Q5.Do you live in an urban or rural area?Urban Rural
Q6.How long have you lived here?
Q7.Is your household accommodation: Owner occupied with a mortgage? Owner occupied without a mortgage? Being purchased from the Local Authority? Being Rented from the Local Authority? Being rented from a private landlord?
Q8.What is your occupation?
Q9.If your occupation relates to agriculture, Arable farming what kind of agriculture are you engaged in? Livestock Other
Q10.Do you think wind farms will affect agriculture?Yes No If yes, please explain.
Q11. Would you support the constructionYes of a wind farm in your area? No
Q12.Do you think a wind farm would affectYes the house prices in your area? No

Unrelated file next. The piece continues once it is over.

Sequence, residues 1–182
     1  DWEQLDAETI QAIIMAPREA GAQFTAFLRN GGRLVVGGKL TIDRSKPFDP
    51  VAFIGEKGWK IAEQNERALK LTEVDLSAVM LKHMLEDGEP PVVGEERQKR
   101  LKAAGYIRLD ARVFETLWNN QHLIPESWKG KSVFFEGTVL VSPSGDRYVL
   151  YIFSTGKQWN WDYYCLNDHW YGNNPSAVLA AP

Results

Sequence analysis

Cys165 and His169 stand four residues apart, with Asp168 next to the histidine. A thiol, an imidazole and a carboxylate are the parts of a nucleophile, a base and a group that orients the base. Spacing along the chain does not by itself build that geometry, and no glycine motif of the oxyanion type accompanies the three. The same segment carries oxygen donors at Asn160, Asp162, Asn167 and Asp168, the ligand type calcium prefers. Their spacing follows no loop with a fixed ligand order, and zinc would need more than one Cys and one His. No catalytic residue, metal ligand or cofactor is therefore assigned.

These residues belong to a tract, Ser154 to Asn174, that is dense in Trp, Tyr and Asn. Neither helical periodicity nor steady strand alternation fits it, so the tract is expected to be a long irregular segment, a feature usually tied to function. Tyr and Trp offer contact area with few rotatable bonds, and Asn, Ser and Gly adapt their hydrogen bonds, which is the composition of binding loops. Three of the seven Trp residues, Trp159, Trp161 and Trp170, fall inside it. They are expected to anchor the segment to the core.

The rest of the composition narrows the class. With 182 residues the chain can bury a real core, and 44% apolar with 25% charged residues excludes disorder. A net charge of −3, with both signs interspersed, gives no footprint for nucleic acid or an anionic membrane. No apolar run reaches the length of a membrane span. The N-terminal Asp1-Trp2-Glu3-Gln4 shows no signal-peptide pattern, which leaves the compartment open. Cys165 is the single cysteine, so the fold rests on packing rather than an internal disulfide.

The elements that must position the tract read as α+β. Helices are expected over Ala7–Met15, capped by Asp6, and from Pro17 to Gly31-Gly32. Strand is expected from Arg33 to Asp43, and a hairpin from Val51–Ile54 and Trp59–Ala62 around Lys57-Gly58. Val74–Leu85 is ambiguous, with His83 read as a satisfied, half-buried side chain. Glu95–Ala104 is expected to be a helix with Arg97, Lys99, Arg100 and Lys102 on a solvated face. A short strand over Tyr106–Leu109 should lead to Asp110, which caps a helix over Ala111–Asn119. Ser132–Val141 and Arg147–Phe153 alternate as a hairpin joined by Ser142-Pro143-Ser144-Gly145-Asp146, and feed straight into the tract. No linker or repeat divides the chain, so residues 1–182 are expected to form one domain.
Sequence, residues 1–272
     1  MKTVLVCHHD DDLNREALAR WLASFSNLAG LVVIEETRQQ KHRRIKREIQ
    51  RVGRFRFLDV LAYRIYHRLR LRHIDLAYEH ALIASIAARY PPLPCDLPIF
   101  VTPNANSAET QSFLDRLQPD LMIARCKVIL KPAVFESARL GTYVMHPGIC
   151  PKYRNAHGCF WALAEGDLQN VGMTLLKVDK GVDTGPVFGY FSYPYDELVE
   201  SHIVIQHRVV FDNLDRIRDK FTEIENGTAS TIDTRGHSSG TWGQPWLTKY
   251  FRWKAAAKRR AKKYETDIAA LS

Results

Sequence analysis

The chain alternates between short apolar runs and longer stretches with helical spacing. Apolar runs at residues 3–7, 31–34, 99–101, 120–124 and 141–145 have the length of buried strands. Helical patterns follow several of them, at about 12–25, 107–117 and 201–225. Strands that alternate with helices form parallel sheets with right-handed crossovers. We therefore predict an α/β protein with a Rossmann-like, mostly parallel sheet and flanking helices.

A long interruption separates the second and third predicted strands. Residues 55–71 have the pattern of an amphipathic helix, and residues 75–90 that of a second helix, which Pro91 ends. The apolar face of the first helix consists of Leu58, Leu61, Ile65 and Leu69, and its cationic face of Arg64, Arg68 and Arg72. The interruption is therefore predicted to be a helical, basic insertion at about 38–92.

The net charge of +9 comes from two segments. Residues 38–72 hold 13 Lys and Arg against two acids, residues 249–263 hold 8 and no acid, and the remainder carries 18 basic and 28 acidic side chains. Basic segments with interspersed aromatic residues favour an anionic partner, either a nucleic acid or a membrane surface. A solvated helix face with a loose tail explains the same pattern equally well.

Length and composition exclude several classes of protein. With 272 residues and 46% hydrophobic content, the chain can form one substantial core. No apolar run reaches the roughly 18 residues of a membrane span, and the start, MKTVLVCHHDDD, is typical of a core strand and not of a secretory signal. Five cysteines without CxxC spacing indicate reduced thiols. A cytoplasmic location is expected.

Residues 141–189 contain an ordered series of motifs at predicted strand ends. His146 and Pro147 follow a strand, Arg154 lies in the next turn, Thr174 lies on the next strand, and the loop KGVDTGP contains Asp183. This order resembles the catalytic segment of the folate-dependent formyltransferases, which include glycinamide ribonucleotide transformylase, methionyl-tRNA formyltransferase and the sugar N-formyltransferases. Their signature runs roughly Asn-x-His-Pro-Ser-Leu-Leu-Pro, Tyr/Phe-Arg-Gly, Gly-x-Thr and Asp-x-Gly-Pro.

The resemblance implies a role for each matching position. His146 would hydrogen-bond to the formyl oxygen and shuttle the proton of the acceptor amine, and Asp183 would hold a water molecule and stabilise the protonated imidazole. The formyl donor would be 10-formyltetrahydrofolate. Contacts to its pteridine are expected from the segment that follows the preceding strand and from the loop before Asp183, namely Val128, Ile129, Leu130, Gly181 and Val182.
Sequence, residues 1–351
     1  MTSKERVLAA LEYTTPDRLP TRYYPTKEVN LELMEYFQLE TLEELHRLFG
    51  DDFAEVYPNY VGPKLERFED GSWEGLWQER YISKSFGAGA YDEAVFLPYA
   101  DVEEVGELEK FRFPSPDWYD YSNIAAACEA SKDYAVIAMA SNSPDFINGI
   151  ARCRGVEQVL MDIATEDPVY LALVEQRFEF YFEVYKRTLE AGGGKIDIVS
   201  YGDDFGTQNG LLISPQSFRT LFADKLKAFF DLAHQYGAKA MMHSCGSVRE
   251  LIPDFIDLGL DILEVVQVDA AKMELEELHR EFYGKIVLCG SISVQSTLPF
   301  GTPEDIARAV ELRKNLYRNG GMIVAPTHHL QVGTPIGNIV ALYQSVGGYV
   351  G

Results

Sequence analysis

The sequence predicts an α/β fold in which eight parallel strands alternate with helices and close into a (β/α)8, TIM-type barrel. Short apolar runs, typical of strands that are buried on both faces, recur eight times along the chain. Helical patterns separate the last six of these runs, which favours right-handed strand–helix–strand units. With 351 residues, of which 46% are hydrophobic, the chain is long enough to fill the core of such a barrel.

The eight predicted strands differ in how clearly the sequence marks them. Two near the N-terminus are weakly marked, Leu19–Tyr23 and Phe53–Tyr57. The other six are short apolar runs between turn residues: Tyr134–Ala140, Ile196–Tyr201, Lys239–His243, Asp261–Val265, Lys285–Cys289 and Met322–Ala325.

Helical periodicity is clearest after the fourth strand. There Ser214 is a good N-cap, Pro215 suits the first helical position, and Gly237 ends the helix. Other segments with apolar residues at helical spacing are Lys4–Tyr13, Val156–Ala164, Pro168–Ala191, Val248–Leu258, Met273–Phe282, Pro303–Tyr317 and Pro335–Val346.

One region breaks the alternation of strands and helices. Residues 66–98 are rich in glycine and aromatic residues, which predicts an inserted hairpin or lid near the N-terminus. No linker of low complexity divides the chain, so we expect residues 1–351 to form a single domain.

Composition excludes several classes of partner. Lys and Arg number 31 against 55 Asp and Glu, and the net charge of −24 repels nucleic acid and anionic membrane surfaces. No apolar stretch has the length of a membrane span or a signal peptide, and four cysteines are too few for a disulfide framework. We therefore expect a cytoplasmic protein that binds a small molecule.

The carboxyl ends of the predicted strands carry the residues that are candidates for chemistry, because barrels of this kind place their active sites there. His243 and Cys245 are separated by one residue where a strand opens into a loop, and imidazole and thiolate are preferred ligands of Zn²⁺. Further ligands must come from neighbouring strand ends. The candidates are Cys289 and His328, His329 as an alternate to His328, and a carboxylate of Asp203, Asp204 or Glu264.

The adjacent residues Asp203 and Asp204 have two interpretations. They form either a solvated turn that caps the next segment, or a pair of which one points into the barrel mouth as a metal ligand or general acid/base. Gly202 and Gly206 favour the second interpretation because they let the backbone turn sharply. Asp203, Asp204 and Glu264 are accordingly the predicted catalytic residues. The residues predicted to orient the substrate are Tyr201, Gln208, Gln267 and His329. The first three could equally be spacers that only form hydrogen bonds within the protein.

Q13.Do you think a wind farm wouldYes benefit your local economy? No
Q14.Do you think that wind farm will Yes contribute to Irelands energy independence? No
Q15.What affect do you think a wind farm would have on the local landscape?
Q16.What problems do you think a wind farm in your area might cause?
Q.17Would you be willing to take part in a follow upinterview to further express your views on wind farming? Yes No If Yes, please complete the following Name: Address: Phone Number: